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Archaeologists excavating in the Givati parking lot in the City of David discovered a gold ring inset with a red garnet that was extremely well-preserved.

The Times of Israel has more information on the Iron Age Canaanite cemetery in the Jezreel Valley.

After two years and $5 million in renovations, the Herodian Quarter in the Jewish Quarter of Jerusalem’s Old City is reopening.

In a new study, Nadav Na’aman argues that there was only one place in the Bible named Gilgal and it has nothing to do with the five footprint-shaped sites identified by Adam Zertal.

The “University of Haifa’s School of Archaeology and Maritime Cultures (SAMC) has recently launched a new international Master’s program, offering an MSc in Archaeological Sciences.”

New release: The Ancient Water System of Sepphoris (Land of Galilee 6), by Tsvika Tsuk (322 pages, $70, via Mordechai Aviam)

Jeffrey Chadwick is on the Biblical World podcast to talk about his excavations at Hebron.

Now online: Mapping the Holy Land: The Foundation of a Scientific Cartography of Palestine, by Haim Goren, Jutta Faehndrich, and Bruno Schelhaas.

Ora Negbi, longtime professor of archaeology at Tel Aviv University, died recently.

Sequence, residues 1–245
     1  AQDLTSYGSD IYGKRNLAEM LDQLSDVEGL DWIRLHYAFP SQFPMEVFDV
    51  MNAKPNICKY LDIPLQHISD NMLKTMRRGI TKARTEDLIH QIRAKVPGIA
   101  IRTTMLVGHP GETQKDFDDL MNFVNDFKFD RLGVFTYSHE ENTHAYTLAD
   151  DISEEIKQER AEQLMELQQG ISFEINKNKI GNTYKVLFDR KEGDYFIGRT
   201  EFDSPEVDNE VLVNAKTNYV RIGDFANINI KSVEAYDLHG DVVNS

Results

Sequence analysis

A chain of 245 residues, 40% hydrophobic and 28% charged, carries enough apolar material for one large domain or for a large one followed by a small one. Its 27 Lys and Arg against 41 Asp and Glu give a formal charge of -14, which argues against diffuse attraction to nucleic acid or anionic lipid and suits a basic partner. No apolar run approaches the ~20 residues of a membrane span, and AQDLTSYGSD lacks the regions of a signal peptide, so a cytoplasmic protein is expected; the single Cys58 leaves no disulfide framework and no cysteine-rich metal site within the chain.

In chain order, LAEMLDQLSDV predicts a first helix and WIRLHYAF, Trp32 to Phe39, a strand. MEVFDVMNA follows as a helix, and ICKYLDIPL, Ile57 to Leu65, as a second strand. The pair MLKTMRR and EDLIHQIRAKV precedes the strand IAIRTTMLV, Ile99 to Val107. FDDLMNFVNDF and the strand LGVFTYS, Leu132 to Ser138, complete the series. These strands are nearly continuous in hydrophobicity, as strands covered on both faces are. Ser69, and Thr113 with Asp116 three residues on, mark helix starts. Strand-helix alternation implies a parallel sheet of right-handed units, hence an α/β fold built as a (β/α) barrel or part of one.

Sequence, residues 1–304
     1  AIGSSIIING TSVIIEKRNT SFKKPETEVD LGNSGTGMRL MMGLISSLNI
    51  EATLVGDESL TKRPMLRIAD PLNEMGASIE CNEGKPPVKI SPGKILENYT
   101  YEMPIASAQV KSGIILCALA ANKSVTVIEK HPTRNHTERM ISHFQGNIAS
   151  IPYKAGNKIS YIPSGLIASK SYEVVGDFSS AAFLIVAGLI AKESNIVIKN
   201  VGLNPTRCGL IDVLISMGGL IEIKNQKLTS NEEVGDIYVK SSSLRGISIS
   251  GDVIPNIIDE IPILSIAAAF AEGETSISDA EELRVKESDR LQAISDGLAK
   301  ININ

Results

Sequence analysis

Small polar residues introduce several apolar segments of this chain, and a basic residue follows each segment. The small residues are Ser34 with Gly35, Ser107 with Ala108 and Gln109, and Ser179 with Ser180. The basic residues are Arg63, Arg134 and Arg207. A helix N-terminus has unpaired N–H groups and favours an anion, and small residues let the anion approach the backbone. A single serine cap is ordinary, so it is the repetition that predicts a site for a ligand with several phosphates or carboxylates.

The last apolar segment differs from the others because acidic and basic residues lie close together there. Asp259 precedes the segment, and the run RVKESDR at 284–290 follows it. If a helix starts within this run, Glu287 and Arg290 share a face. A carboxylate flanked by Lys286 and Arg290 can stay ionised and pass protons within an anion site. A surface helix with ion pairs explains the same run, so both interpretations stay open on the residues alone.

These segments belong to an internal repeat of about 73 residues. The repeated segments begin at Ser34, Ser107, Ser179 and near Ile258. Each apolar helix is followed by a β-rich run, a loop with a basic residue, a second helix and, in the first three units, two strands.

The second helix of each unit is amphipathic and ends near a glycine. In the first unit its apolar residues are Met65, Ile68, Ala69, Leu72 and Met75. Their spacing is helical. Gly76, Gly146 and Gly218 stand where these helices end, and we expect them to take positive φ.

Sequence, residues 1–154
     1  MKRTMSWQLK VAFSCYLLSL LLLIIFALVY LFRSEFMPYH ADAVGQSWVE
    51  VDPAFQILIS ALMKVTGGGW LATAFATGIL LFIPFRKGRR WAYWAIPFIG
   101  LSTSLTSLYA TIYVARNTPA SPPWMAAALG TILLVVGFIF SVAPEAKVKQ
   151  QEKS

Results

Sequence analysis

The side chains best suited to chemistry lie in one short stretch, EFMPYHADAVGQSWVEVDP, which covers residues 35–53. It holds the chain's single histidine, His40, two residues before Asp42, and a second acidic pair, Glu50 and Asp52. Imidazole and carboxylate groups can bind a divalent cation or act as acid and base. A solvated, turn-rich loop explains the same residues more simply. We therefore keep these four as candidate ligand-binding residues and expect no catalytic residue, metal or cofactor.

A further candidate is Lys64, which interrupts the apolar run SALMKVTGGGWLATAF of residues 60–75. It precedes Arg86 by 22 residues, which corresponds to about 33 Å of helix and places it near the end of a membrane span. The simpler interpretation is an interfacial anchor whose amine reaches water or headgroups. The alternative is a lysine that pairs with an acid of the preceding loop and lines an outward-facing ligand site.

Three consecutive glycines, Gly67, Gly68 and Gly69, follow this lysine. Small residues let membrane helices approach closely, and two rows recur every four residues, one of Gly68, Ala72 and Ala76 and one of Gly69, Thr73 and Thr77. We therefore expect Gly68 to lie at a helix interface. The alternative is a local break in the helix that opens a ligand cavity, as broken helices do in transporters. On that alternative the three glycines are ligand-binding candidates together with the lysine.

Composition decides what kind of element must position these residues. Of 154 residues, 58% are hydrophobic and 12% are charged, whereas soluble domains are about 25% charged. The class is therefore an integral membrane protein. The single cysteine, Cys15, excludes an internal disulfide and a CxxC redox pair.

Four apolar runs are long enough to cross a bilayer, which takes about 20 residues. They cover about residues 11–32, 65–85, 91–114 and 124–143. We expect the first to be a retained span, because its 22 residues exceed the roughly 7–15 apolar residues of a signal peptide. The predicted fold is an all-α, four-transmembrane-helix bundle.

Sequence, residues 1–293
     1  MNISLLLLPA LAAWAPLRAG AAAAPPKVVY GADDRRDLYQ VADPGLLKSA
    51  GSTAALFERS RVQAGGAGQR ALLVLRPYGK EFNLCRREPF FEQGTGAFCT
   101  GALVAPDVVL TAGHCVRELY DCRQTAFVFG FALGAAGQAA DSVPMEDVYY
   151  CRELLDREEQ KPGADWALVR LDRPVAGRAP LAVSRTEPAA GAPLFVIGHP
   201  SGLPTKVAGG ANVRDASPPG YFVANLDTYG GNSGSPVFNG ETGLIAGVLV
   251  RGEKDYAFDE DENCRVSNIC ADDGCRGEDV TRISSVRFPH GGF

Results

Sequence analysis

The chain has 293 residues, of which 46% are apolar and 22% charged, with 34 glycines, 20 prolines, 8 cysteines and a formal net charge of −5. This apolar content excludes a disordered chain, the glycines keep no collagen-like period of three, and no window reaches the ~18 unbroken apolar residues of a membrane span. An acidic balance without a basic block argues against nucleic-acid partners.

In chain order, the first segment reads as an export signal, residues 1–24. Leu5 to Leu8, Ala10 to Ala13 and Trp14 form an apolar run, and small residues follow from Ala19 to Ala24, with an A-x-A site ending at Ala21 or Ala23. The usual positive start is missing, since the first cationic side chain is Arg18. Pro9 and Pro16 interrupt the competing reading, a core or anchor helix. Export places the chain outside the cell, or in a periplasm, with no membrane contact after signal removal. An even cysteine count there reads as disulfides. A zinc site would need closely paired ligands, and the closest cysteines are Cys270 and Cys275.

John Boardman, a classical archaeologist at Oxford, died last week.

The Bible Mapper Atlas continues to release free maps. Here are the latest:

HT: Agade, Frank McCraw, Gordon Franz, Gordon Dickson, Arne Halbakken, Ted Weis, Keith Keyser

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“Excavations at a Byzantine-era church in the northern Negev desert have revealed 1,500-year-old wall etchings of ships, likely left by Christian pilgrims who had arrived by sea to the Holy Land.”

The Times of Israel has a follow-up article on the major carbon-14 study of Jerusalem that was recently published.

John Drummond pulls together the archaeological evidence for the reign of Solomon.

The latest issue of Biblical Archaeology Review includes articles on Solomon’s royal complex at Gezer, the large Moabite site of Kh. Balu’a, and the dawn of the Iron Age in Israel.

Israel21c identifies the top seven archaeological sites in Israel related to Jewish history as the Western Wall, Masada, Caesarea, Tiberias, Megiddo, En Gedi, and the City of David.

The Qumran Digital Project Lexicon has a new website.

Archaeologists have identified the original sarcophagus of Ramesses II from a fragment discovered in 2009 at Abydos.

The “Hazael and His World: Commemorating the 30th Anniversary of the Discovery of the Tel Dan Inscription” conference will be held in Tel Aviv and Jerusalem on June 5 and 6.

The 100th issue of Syria: Archéologie, Art et Histoire has been released (open-access).

Online lecture on June 2 in the BAS Scholars Series: “Paul on Cyprus: Crossing the Divide,” by Thomas Davis.